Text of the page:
Ter·mi·nate v. t. [imp. & p. p. Terminated p. pr. & vb. n. Terminating.]
1. To set a term or limit to; to form the extreme point or side of; to bound; to limit; as, to terminate a surface by a line.
2. To put an end to; to make to cease; as, to terminate an effort, or a controversy.
3. Hence, to put the finishing touch to; to bring to completion; to perfect.
During this interval of calm and prosperity, he [Michael Angelo] terminated two figures of slaves, destined for the tomb, in an incomparable style of art. --J. S. Harford.
Ter·mi·nate v. i.
1. To be limited in space by a point, line, or surface; to stop short; to end; to cease; as, the torrid zone terminates at the tropics.
2. To come to a limit in time; to end; to close.
The wisdom of this world, its designs and efficacy, terminate on zhis side heaven. --South.
v 1: bring to an end or halt; "She ended their friendship when
she found out that he had once been convicted of a
crime"; "The attack on Poland terminated the relatively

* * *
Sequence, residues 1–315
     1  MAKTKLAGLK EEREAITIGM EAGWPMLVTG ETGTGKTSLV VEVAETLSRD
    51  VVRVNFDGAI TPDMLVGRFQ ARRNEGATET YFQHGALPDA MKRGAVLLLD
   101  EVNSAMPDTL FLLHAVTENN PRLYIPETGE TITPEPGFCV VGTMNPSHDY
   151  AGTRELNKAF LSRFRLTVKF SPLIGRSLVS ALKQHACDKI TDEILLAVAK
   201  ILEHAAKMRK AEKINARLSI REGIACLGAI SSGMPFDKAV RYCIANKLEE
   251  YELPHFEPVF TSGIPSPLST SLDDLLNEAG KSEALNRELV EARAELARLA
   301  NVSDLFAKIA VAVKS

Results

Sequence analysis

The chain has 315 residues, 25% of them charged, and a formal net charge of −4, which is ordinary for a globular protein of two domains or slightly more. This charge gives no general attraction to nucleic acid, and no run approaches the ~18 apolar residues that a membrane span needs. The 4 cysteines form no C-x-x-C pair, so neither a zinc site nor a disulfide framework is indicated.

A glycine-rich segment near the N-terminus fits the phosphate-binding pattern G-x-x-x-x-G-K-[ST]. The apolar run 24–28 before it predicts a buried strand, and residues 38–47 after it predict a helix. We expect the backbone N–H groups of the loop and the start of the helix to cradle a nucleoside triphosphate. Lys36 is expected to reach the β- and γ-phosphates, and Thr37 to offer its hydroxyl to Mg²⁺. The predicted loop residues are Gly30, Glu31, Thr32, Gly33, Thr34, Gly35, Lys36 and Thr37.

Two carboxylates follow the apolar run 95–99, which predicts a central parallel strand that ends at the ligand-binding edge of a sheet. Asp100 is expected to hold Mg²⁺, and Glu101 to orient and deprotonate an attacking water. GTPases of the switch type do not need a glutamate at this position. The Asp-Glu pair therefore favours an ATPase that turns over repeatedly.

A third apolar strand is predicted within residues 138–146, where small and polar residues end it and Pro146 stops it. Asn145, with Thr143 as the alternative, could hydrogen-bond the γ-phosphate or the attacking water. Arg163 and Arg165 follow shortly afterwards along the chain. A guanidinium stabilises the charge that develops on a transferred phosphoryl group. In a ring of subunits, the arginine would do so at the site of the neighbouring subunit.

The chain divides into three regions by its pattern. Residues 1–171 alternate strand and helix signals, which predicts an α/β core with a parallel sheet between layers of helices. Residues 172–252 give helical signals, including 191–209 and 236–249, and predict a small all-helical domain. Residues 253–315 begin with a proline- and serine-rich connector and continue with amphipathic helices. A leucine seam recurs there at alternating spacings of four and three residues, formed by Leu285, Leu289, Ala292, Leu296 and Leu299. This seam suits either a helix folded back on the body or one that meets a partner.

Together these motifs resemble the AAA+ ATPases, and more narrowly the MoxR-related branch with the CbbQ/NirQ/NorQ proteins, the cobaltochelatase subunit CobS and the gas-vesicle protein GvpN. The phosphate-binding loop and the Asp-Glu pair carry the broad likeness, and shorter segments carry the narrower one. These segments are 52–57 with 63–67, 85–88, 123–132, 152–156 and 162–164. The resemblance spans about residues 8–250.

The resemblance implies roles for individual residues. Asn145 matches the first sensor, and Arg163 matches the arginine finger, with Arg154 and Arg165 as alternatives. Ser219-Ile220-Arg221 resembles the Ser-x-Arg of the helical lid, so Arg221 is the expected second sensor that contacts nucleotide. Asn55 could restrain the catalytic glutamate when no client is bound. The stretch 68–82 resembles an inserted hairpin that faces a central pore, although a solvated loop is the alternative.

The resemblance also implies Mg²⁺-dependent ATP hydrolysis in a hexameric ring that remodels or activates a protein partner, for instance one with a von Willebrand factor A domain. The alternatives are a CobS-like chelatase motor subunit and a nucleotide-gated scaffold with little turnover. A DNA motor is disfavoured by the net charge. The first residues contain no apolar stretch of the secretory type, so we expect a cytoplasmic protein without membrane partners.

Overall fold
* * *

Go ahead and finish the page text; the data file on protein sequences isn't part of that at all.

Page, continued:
peaceful period after WWI" [syn: end] [ant: begin, get
2: have an end, in a temporal, spatial, or quantitative sense;
either spatial or metaphorical; "the bronchioles terminate
in a capillary bed"; "Your rights stop where you infringe
upon the rights of other"; "My property ends by the
bushes"; "The symphony ends in a pianissimo" [syn: end,
stop, finish, cease] [ant: begin]
3: be the end of; be the last or concluding part of; "This sad
scene ended the movie" [syn: end]
4: terminate the employment of; "The boss fired his secretary
today"; "The company terminated 25% of its workers" [syn:
fire, give notice, can, dismiss, give the axe, send
away, sack, force out, give the sack] [ant: hire]